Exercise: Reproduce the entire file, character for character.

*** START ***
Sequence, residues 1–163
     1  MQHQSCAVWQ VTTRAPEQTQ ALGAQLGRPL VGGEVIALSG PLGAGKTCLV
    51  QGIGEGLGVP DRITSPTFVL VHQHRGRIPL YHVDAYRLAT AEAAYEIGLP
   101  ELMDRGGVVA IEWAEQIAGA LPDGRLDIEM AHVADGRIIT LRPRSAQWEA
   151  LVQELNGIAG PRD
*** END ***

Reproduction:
Sequence, residues 1–163
     1  MQHQSCAVWQ VTTRAPEQTQ ALGAQLGRPL VGGEVIALSG PLGAGKTCLV
    51  QGIGEGLGVP DRITSPTFVL VHQHRGRIPL YHVDAYRLAT AEAAYEIGLP
   101  ELMDRGGVVA IEWAEQIAGA LPDGRLDIEM AHVADGRIIT LRPRSAQWEA
   151  LVQELNGIAG PRD